The passing of the moon walkers

Charles Duke Apollo 16

Lunar module pilot Charles M. Duke Jr. collecting samples during the Apollo 16 mission on April 21, 1972. Duke, the youngest person to walk on the Moon, is now 73 years old. (Photo information)

Jennifer and I finished watching the 1998 HBO miniseries From the Earth to the Moon last night. If you’ve seen it, you know how good it is; if you haven’t, and you have any interest in human spaceflight, what the hell is wrong with you? Get it right now:,

Anyway, it’s triggered (or rather, reawakened) a fairly passionate interest in the history of NASA, so expect a few posts in this vein in the near future. (Consider yourself warned.) Including this one:

Of the 24 astronauts who have travelled to the moon,1 six have since died:

  1. Jack Swigert (Apollo 13) died in 1982 from bone cancer shortly after being elected to Congress; he was 51.
  2. Ronald Evans (Apollo 17) died of a heart attack in 1990 at the age of 56.
  3. James Irwin (Apollo 15) died in 1991 at the age of 61. He had developed arrhythmia during the mission, and died after a series of heart attacks. He was the eighth person to walk on the Moon.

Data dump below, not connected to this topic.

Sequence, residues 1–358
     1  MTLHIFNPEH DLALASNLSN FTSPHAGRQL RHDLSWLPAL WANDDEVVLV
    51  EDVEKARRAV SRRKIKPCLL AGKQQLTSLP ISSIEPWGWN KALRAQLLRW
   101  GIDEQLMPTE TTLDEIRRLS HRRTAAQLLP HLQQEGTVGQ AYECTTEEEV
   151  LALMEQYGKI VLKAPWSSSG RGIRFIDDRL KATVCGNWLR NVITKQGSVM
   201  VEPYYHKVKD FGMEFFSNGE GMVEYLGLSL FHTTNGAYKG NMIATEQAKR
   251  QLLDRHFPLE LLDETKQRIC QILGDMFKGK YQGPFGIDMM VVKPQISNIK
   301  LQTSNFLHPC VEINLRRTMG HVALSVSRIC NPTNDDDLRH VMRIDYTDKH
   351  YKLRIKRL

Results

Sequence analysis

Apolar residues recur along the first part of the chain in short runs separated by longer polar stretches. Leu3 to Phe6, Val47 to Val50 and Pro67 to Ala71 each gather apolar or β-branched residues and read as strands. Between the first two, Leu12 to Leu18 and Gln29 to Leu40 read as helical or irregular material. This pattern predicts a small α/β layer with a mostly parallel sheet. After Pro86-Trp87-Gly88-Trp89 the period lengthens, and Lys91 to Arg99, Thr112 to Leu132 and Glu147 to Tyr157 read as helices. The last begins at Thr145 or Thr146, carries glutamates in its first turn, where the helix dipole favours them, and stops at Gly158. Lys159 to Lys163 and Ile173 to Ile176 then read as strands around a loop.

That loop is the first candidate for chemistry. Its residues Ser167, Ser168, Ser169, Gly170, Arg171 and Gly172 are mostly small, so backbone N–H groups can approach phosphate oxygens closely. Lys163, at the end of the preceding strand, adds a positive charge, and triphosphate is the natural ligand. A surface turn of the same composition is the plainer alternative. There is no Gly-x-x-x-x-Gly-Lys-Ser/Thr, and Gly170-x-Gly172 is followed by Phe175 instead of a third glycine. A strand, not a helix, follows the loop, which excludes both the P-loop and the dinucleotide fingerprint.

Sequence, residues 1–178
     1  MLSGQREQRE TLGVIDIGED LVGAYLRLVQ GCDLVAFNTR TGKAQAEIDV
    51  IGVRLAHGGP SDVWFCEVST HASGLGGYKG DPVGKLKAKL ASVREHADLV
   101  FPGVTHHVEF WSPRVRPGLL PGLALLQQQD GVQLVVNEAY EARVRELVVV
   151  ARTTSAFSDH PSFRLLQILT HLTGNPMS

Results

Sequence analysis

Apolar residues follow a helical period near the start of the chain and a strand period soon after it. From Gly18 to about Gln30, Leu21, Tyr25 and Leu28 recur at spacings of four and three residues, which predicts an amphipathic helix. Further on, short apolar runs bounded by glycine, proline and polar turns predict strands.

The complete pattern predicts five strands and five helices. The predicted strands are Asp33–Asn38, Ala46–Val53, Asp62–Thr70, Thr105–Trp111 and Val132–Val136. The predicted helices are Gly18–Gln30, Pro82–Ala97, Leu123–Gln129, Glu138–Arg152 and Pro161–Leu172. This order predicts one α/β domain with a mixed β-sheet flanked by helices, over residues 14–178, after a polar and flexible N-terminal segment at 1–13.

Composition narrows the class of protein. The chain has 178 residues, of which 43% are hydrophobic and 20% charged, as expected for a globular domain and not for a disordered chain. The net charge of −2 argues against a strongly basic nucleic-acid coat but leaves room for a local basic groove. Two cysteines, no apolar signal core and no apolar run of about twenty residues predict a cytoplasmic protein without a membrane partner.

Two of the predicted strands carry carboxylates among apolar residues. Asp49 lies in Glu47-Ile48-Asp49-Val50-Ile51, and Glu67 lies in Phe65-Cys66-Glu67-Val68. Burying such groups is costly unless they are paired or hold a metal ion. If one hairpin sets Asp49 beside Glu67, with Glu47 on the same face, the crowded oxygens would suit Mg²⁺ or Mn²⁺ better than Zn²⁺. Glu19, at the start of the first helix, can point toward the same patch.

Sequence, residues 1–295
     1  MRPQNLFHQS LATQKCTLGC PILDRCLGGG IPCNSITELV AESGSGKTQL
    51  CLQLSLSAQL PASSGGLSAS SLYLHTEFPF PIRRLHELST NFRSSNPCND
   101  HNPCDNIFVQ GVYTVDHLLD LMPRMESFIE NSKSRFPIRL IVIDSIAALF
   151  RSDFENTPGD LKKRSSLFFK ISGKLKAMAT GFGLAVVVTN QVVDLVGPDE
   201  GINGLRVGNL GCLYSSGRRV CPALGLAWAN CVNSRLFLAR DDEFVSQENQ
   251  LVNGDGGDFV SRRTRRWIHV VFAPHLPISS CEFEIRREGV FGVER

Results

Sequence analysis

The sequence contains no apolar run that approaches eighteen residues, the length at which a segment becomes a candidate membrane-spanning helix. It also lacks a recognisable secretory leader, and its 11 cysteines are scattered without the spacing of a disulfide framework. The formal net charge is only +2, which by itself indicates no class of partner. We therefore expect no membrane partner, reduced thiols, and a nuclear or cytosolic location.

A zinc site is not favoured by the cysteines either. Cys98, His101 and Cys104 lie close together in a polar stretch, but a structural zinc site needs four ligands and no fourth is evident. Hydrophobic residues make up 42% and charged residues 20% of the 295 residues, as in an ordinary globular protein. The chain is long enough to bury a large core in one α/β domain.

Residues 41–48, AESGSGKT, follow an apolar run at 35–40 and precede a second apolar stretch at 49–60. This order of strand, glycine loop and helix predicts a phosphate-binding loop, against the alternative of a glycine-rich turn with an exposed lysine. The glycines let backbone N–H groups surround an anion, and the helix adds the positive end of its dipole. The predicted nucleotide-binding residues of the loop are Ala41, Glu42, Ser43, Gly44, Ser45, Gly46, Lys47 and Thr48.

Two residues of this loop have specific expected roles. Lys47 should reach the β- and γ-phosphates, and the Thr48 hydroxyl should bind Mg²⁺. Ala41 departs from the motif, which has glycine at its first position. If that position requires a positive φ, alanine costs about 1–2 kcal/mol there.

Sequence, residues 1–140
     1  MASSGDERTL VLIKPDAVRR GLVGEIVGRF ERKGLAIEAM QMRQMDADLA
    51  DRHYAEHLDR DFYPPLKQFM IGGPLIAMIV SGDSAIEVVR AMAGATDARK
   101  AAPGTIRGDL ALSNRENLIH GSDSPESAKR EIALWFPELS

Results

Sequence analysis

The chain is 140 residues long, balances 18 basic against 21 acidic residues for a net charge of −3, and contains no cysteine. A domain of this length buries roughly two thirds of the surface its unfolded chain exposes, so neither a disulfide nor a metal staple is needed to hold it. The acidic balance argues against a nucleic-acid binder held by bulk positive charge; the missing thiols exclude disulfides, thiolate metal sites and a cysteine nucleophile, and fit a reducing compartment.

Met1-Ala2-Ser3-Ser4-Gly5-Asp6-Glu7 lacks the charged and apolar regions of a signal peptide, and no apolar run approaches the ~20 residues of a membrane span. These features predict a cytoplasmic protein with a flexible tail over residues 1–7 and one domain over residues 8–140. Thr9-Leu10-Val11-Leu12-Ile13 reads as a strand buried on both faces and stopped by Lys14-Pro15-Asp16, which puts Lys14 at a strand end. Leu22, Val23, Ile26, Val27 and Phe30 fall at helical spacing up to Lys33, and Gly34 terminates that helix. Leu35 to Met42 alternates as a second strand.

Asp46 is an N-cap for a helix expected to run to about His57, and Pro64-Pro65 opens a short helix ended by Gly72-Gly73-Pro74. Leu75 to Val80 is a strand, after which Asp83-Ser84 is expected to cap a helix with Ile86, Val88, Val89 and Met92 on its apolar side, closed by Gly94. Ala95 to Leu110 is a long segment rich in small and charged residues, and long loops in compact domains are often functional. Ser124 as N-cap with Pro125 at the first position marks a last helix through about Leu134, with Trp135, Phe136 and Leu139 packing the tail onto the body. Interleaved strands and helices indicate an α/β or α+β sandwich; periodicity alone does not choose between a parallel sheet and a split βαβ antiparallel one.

4. Stuart Roosa (Apollo 14) died in 1994 due to complications from pancreatitis; he was 61.
  5. Alan Shepard (Apollo 14) — the first American in space — died in 1998 from leukemia at the age of 74. He was the fifth person to walk on the Moon.
  6. Pete Conrad (Apollo 12) died in 1999 at the age of 69, after a road accident. He was the third person to walk on the Moon.

The remaining 18, nine of whom have walked on the Moon, range in age from 73 to 81 as I write this:

The reason I mention this is that, according to Wikipedia’s list of Constellation missions, the first manned lunar landing since Apollo 17 is scheduled for June 2019 — a little more than 10 years from now, and almost 50 years since Apollo 11. At that point, Charles Duke, Ken Mattingly and Jack Schmitt will be 83 years old; Frank Borman and Jim Lovell will be in their nineties.

It’s entirely possible — especially if the Constellation program suffers any further delays — that by the time human beings get back to the Moon, few, if any, of the men who went the first time will still be alive.

For some reason that thought makes me quite sad.

1 I’m using the number cited in From the Earth to the Moon, which includes command module pilots and others (Apollo 8, 10 and 13) who travelled to the Moon but did not land on its surface. This also excludes Apollo 7 and 9, which did not leave Earth orbit.